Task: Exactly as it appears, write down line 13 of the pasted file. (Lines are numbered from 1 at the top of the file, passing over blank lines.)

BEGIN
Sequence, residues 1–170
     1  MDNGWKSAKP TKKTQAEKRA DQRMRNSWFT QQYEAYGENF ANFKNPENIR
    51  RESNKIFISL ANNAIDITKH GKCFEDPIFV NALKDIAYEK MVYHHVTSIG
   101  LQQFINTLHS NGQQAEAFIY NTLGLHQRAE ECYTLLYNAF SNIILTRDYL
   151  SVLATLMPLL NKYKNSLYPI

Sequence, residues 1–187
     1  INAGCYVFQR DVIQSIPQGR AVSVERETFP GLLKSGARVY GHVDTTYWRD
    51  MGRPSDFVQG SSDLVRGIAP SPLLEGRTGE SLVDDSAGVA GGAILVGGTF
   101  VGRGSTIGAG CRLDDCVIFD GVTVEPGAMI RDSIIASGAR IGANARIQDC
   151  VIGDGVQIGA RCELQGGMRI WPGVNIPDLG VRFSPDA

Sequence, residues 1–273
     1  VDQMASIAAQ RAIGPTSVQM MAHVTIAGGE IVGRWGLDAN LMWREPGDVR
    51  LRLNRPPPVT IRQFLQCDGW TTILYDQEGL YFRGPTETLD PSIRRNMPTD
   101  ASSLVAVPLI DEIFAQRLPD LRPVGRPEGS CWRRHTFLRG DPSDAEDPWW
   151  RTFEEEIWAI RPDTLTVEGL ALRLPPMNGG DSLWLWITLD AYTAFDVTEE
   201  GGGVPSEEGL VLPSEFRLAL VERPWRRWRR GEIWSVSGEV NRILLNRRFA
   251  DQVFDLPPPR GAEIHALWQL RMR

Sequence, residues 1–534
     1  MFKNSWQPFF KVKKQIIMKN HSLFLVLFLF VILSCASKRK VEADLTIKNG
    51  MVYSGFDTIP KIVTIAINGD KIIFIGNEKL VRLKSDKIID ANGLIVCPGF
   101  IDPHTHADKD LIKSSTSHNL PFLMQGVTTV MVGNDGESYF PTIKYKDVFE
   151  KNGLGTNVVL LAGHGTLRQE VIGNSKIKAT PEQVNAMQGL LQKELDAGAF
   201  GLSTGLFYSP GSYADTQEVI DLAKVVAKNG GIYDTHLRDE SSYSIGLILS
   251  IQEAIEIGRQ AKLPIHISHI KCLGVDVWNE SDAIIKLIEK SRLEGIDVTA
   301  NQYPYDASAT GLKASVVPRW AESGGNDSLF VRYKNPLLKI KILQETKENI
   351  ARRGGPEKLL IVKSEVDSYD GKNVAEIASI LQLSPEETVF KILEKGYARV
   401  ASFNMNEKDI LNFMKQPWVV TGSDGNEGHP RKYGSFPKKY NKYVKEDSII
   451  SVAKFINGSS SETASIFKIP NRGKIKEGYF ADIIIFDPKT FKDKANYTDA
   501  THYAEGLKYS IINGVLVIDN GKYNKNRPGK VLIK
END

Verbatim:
    51  LRLNRPPPVT IRQFLQCDGW TTILYDQEGL YFRGPTETLD PSIRRNMPTD